The final post treatment operation is a conventional chromate conversion coating that prepares the aluminum surface for finishing and improves corrosion resistance.

Equipment. The IVD aluminum coating is applied in a steel vacuum chamber. Other equipment includes a pumping system, parts racking or barrel tumbling device, evaporation source and high-voltage power supply (Fig. 1). The system uses conventional vacuum technology components that are controlled with a microprocessor-based control system. The system monitors sequencing, alarms, process timing and data recording functions.

Coating Properties. Coating adhesion is a function of the surface preparation and cleaning prior to coating. IVD takes advantage of glow discharge cleaning to achieve excellent adhesion of coating to substrate.

Table I shows results of adhesion tests conducted using a Sebastian pull tester on studs bonded to IVD-coated test panels. Two panels were tested for each coating thickness and substrate material.

TABLE I -- Adhesive Tensile Strength of IVD Aluminum Coating

Specimen Tensile Strength (ksi)
Panel One *10.18 9.32 *10.28 *10.27 *10.32
9.80 8.30 *10.31 9.85 *10.32
Panel Two *10.30 8.80 9.94 **6.82 *10.32
9.66 9.27 *10.30 8.24 *10.31

* The Sebastian adherence tester has a nominal upper limit of 10 ksi. A recorded adherence value of greater than 10 ksi indicates that the stud/coating specimen interface did not fail.

** A microscopic inspection indicated that this specimen failed due to substrate surface roughness. The coating did not fail. The stud could not be bonded properly to the surface.



IVD provides excellent coating coverage and uniformity. It is not limited to line-of-site coverage and can produce coatings several mils thick. The IVD aluminum coating does not build up or run off sharp edges, regardless of thickness. The uniformity of IVD aluminum on regular surfaces is approximately plus or minus 10 pct of the median thickness. IVD aluminum coating thickness on the edge of a detail is virtually the same as that of the body of the detail.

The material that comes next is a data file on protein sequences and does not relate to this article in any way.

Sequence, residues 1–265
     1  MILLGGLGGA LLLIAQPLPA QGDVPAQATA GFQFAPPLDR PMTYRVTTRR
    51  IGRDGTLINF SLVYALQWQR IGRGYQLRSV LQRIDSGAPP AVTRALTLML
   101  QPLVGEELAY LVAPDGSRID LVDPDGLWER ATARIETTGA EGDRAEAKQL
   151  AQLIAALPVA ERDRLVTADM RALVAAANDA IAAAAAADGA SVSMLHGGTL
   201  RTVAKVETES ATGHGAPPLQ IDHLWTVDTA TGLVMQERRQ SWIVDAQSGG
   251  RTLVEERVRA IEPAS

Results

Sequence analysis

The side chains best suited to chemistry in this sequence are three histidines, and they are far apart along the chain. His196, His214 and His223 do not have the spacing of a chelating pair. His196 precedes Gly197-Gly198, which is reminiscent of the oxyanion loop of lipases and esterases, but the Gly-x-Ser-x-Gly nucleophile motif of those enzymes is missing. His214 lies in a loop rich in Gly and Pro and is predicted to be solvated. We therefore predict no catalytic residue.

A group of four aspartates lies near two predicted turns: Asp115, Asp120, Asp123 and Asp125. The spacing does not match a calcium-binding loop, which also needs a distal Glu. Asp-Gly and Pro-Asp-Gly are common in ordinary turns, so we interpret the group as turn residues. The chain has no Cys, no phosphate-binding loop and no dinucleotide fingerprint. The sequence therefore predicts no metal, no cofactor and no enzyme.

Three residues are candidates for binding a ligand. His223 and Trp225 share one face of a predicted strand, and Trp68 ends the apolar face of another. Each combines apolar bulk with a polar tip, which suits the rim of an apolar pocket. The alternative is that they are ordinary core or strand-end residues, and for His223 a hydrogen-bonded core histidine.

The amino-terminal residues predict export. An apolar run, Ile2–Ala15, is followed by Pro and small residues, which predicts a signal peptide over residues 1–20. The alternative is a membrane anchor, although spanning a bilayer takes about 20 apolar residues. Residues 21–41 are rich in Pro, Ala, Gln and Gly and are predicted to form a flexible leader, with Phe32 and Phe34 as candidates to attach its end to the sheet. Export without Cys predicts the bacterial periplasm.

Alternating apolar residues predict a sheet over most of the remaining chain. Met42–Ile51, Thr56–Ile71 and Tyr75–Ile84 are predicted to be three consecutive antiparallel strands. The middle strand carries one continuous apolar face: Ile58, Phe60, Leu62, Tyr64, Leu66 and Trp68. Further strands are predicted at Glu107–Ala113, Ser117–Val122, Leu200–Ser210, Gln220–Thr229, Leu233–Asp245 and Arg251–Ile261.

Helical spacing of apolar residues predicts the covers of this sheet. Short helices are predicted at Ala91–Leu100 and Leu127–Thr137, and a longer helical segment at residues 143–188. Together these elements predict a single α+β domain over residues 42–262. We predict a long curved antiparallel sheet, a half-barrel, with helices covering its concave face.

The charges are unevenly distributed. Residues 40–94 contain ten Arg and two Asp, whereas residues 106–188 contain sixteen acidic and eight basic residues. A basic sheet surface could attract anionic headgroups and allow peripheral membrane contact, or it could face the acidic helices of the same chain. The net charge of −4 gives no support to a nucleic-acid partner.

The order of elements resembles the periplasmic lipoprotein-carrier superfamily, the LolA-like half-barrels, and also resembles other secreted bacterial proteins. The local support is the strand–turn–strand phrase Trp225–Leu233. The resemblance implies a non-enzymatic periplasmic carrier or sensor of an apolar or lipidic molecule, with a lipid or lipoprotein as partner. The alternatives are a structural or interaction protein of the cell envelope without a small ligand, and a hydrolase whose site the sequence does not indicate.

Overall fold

During coating deposition, aluminum vapor is partially ionized in the glow discharge that envelops the coated part. This phenomena creates a columnar structure within the coating. The glass-bead post-treatment operation makes the coating denser and also polishes the finished surface. Tests conducted at McDonnell Douglas using BT-10 glass beads at 40 psig produced a surface roughness of approximately 50-70 microinches. Smoother coatings can be obtained by reducing the pressure and/or media size.

IVD aluminum can be used in applications where service temperatures are considerably higher than that allowed for cadmium. IVD aluminum can be used at temperatures up to 925F without any adverse effects. There is no concern with embrittlement problems as is the case with cadmium on high strength steels at above 450F.